Although The Hobbit: An Unexpected Journey is a major success, grossing over one billion dollars at the box office, there is one area of legitimate complaint about the film, and that is the emotional tone. While Jackson remained true to the level of detail found in all of Tolkien’s writing, he occasionally strayed off the path when he set the mood for his movie. In several areas, he simply lost the “Tolkien feeling” that was ever present in Jackson’s previous Tolkien films.
The film drifts between a primer on the lifestyle of dwarves and hobbits and a war movie. Action scenes dominate The Hobbit: An Unexpected Journey and combat is realized in glorious, gory detail. While the Lord Of The Rings was certainly about a war between two opposing civilizations, Tolkien intended The Hobbit to be a journey of personal discovery. The book was originally written to amuse his children and has a definite tone of innocence.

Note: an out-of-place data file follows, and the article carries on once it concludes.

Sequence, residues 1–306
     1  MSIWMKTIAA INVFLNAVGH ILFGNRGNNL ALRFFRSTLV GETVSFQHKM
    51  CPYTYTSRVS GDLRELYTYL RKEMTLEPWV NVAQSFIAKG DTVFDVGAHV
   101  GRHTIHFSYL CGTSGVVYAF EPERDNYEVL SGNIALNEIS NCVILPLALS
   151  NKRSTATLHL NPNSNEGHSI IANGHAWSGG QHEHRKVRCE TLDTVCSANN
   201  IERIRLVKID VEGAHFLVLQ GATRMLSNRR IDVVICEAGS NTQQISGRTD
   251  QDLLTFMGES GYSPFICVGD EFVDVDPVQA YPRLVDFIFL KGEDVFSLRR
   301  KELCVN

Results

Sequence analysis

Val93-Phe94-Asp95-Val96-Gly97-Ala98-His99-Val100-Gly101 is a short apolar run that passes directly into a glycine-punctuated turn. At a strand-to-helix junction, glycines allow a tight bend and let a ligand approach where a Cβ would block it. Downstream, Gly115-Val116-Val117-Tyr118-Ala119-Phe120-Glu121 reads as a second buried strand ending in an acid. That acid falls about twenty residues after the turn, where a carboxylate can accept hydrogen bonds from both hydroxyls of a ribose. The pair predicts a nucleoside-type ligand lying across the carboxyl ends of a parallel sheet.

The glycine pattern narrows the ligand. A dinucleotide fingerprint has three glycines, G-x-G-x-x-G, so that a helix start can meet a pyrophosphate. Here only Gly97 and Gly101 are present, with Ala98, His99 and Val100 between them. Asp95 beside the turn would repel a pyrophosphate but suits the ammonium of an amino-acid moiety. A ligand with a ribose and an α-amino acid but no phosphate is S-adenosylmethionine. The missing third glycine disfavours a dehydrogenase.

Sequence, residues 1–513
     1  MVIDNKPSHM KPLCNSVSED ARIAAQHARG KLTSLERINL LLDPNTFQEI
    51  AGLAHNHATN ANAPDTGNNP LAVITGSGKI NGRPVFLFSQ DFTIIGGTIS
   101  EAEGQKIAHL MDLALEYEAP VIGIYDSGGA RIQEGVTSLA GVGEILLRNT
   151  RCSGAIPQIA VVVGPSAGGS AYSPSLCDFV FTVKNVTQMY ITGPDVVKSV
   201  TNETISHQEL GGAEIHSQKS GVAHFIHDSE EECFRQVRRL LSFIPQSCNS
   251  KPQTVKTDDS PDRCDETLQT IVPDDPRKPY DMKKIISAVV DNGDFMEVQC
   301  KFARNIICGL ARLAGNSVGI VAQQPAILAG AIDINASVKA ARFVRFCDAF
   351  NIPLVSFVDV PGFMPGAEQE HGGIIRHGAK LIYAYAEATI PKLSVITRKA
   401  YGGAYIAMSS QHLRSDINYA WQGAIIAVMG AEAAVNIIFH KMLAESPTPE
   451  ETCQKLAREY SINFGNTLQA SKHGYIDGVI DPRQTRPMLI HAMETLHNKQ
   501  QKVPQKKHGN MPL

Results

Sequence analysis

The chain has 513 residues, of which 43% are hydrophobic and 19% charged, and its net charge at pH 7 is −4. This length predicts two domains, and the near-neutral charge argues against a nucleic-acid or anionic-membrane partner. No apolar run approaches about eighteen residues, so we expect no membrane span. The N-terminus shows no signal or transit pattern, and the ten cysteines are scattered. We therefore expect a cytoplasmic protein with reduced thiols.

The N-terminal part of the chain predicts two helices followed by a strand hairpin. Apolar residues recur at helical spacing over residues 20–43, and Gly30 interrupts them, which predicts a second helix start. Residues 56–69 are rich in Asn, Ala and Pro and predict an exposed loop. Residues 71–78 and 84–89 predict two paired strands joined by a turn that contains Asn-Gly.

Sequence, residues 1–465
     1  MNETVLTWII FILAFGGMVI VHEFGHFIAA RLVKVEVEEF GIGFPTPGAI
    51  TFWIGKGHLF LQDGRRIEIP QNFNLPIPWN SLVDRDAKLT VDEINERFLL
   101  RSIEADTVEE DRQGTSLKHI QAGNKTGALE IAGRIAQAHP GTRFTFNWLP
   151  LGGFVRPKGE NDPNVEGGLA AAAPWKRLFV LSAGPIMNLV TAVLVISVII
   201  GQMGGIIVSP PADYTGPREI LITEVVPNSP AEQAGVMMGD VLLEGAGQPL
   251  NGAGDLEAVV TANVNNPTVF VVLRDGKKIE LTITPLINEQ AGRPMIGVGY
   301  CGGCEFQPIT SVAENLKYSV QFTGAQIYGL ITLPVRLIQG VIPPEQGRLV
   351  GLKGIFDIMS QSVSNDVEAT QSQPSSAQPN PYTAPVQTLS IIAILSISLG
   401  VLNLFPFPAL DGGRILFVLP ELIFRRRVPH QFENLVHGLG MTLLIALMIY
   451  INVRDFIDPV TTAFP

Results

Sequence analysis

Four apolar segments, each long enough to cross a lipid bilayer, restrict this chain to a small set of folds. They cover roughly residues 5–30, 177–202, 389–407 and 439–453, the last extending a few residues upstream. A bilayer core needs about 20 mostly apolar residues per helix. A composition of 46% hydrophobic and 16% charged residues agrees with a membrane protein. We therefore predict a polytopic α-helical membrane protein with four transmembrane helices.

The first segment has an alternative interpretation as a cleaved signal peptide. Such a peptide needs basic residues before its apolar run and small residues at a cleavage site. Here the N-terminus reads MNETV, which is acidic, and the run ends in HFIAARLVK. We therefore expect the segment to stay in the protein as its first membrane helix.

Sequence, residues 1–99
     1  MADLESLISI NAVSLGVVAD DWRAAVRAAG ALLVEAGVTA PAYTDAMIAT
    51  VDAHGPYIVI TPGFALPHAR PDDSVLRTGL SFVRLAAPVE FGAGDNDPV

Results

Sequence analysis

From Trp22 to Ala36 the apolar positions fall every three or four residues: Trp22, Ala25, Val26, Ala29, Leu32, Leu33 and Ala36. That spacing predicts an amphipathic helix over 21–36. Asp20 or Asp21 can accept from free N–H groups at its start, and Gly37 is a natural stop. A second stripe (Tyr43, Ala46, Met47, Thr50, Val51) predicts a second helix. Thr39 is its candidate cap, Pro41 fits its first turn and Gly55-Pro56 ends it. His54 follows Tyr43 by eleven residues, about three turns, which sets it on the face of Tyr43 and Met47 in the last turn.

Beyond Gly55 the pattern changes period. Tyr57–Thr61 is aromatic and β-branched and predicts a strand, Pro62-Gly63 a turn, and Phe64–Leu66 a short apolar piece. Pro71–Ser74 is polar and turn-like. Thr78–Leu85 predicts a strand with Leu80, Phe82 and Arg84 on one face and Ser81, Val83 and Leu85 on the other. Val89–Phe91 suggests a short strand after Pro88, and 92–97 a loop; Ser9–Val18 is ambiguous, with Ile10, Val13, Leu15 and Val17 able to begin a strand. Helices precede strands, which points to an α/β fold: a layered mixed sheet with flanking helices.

Many of the critics took major offense to the opening party in Bilbo’s hobbit hole.
Bemoaning the amount of time the movie devotes to these scenes. The real issue is the chaos created by packing 15 characters, all of whom are important to the story, into such a tiny space. It is almost impossible to tell one dwarf from the other, and as a result, the story starts to drag.
Even in these early scenes the tone changes from the novel; Tolkien’s dwarves are kinder and more entertaining; Jackson’s dwarves have an air of desperation and they barge into Bilbo’s life like a pack of bandits. The good dwarves of Tolkien become Jackson’s little band of inconsiderate, troublesome louts.